Rather like the armed forces, we are a society obsessed with rank. We constantly compare ourselves to others. In the late 1920s George Orwell was living on the streets of Paris and London and observed: “The mass of the rich and the poor are differentiated by their incomes and nothing else and the average millionaire is only the average dishwasher dressed in a new suit”. So we are not essentially different from one another, but that new suit makes a world of difference.

Social differentiation works at every level. We are not just divided into classes, which still has some relevance today, there are different shades of differentiation everywhere. Orwell found numerous different tiers of destitution among the poorest members of society in both Paris and London. Perhaps most groups have a pecking order, and people look for someone who is lower down in order to boost their confidence and to make them feel as though they fit in and have found their place in life. All around us status signals are constantly emitted, some blatant, some less so. It is wearing and destructive and contributes to a number of society’s ills. Among many groups comparison results in a regular desire to consume. People dread failure and long for social success and the approval of others. They desire to make more and more money and increase their consumption. This fuels and entrenches capitalism, as of course wealth buys power, and this reinforces the class system. The voices of dissenters such as Henry David Thoreau are rarely heeded: “Why should we be in such desperate haste to succeed,” asked Thoreau, “and in such desperate enterprises?” 

Our backgrounds make a world of difference. Some boast of their parents’ professions, their schooling, the ranking of their university and whatever employment they have chosen. They have a sense of entitlement, see their privileged status as all important and spend their lives trying to maintain or improve it, seeking to increase their power and income.

Sometimes we shun those we see as failures. There is a perpetual quest to be among the ‘in crowd’, to feel we have made it in some sort of way. Often people pride themselves in having a substantial income, a certain address, successful children, clothes with fashionable labels, expensive cars, holidays in desirable parts of the world. Arthur Miller’s play Death of a Salesman considers the American obsession with success. Towards the end of his life, Miller said: “People who succeed are loved because they exude some magical formula for fending off destruction, fending off death. It’s the most brutal way of looking at life that one can imagine, because it discards anyone who does not measure up.”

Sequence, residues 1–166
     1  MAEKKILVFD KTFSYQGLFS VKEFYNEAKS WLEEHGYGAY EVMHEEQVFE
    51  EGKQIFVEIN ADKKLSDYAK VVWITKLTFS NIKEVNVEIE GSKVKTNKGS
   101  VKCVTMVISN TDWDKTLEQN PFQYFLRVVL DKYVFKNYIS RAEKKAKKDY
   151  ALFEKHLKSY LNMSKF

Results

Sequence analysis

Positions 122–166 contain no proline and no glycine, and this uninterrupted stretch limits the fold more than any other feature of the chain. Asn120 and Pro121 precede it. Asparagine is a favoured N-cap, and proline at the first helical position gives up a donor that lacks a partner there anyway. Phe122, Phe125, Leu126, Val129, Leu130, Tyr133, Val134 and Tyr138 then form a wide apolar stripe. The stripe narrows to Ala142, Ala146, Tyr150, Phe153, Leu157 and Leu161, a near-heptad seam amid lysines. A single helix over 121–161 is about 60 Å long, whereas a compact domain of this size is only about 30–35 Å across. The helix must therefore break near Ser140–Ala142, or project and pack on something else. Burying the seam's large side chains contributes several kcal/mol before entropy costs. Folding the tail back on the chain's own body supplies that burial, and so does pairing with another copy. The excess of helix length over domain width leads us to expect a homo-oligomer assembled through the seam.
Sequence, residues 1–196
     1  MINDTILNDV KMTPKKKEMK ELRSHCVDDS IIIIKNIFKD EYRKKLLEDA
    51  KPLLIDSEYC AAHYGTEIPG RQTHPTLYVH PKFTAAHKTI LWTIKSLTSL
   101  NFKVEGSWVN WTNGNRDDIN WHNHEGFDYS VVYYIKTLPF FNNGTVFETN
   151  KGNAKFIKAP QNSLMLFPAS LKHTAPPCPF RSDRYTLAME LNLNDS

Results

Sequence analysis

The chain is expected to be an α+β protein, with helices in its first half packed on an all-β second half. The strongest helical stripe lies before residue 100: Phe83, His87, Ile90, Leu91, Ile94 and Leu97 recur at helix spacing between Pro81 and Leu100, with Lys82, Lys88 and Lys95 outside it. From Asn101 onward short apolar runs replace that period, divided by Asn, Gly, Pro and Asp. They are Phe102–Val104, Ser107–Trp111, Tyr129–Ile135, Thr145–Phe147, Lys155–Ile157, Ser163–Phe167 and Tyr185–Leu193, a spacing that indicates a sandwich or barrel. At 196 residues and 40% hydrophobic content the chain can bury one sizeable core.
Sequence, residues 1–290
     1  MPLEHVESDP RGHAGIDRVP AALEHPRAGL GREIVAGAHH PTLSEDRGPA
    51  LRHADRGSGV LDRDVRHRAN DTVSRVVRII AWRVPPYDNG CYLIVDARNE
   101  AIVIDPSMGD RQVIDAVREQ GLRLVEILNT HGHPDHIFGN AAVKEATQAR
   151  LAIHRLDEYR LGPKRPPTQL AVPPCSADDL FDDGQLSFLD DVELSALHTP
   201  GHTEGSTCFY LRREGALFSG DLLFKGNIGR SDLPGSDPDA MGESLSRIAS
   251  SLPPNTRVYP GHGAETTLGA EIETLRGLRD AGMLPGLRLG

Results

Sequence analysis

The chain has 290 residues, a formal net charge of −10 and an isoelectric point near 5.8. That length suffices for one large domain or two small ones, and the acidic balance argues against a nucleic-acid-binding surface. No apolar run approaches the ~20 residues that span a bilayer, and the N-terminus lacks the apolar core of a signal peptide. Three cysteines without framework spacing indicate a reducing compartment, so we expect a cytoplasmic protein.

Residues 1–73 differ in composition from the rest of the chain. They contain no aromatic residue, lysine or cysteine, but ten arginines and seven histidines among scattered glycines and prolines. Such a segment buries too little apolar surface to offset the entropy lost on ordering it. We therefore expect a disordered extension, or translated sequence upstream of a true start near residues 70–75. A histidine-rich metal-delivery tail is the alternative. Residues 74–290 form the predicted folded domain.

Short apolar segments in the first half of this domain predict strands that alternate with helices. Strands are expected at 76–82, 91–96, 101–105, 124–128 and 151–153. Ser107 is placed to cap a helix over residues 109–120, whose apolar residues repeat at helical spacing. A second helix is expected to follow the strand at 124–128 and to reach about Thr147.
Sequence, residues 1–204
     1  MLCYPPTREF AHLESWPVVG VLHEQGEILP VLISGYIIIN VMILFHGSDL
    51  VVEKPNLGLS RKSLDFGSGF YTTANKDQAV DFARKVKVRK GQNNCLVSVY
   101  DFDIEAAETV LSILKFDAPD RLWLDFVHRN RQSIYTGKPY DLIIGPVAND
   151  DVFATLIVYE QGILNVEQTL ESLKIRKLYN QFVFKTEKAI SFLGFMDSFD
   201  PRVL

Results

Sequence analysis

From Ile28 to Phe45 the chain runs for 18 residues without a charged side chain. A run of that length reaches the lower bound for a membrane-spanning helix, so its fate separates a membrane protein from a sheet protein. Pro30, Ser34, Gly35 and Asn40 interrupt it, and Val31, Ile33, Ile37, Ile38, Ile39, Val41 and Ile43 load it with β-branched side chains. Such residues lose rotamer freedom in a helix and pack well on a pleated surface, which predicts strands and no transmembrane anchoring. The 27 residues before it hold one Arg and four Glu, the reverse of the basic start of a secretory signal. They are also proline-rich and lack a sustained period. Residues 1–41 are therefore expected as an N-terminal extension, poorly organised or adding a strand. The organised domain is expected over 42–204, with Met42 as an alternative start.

Comparisons start at an early age. Is this learned behaviour or a fundamental characteristic of human beings? Children compare presents, clothes, homes, pets. They start to look with envy at the things that other children have. It is all reinforced at school; for many children school life begins in the UK when they are only four years old. All sorts of tests and differentials are applied from early on; little ones are divided into groups according to their reading and maths ability. The groups may be associated with different colours or animals in a failed attempt to disguise the fact that there is a top group and a bottom group. Those who are not in the top group experience the cruel blow of failure. And as for parties – who has and who hasn’t been invited?  Social rejection is very cruel. 

I think the left too needs to be wary. In certain groups people feel obliged to play down their social standing and education in order to fit in because they feel they compare unfavourably to those who have genuine ‘working class’ credentials. Sir Keir Starmer never ceases to bring up his toolmaker father but he went on to benefit from a private school’s charity which paid for his sixth form education at a fee-paying Surrey grammar school. He then studied at Oxford. Last year his estimated wealth was £7.7 million, but, as long as his father was a toolmaker, he’s in with a chance, or so he mistakenly thinks. London Mayor Sadiq Khan has repeatedly told us that his father was a bus driver, and certainly his working-class credentials are more authentic than Starmer‘s. Does he need to keep telling us though? How far back can you go in your family in order to be accepted? Is a grandparent who was a skilled worker an acceptable badge of honour?

Why should it matter so much? Some people pretend they are someone they are not. They either claim to have a more privileged background than they have or a less privileged background. They may hide the fact that they came from a poor background where it was hard to make ends meet and life was a struggle or regard this as something to be proud of. Some people alter their accents to fit in. The accident of birth means that we could have been born anywhere in the world in any circumstances. We need to accept people for their values and beliefs, their desire to make the world a better place and to contribute something to society while they are here, instead of judging people so readily. And whether someone is a millionaire or a dishwasher it must surely be the decisions they make in their lives that matter? We need a society which is cooperative rather than competitive, not just one where there appears to be political equality, but where there is a far greater degree of economic equality. Otherwise it is meaningless. For me the people who matter most are those who wholeheartedly reject capitalism and are prepared to fight for a fairer society for everyone, regardless of where they came from.

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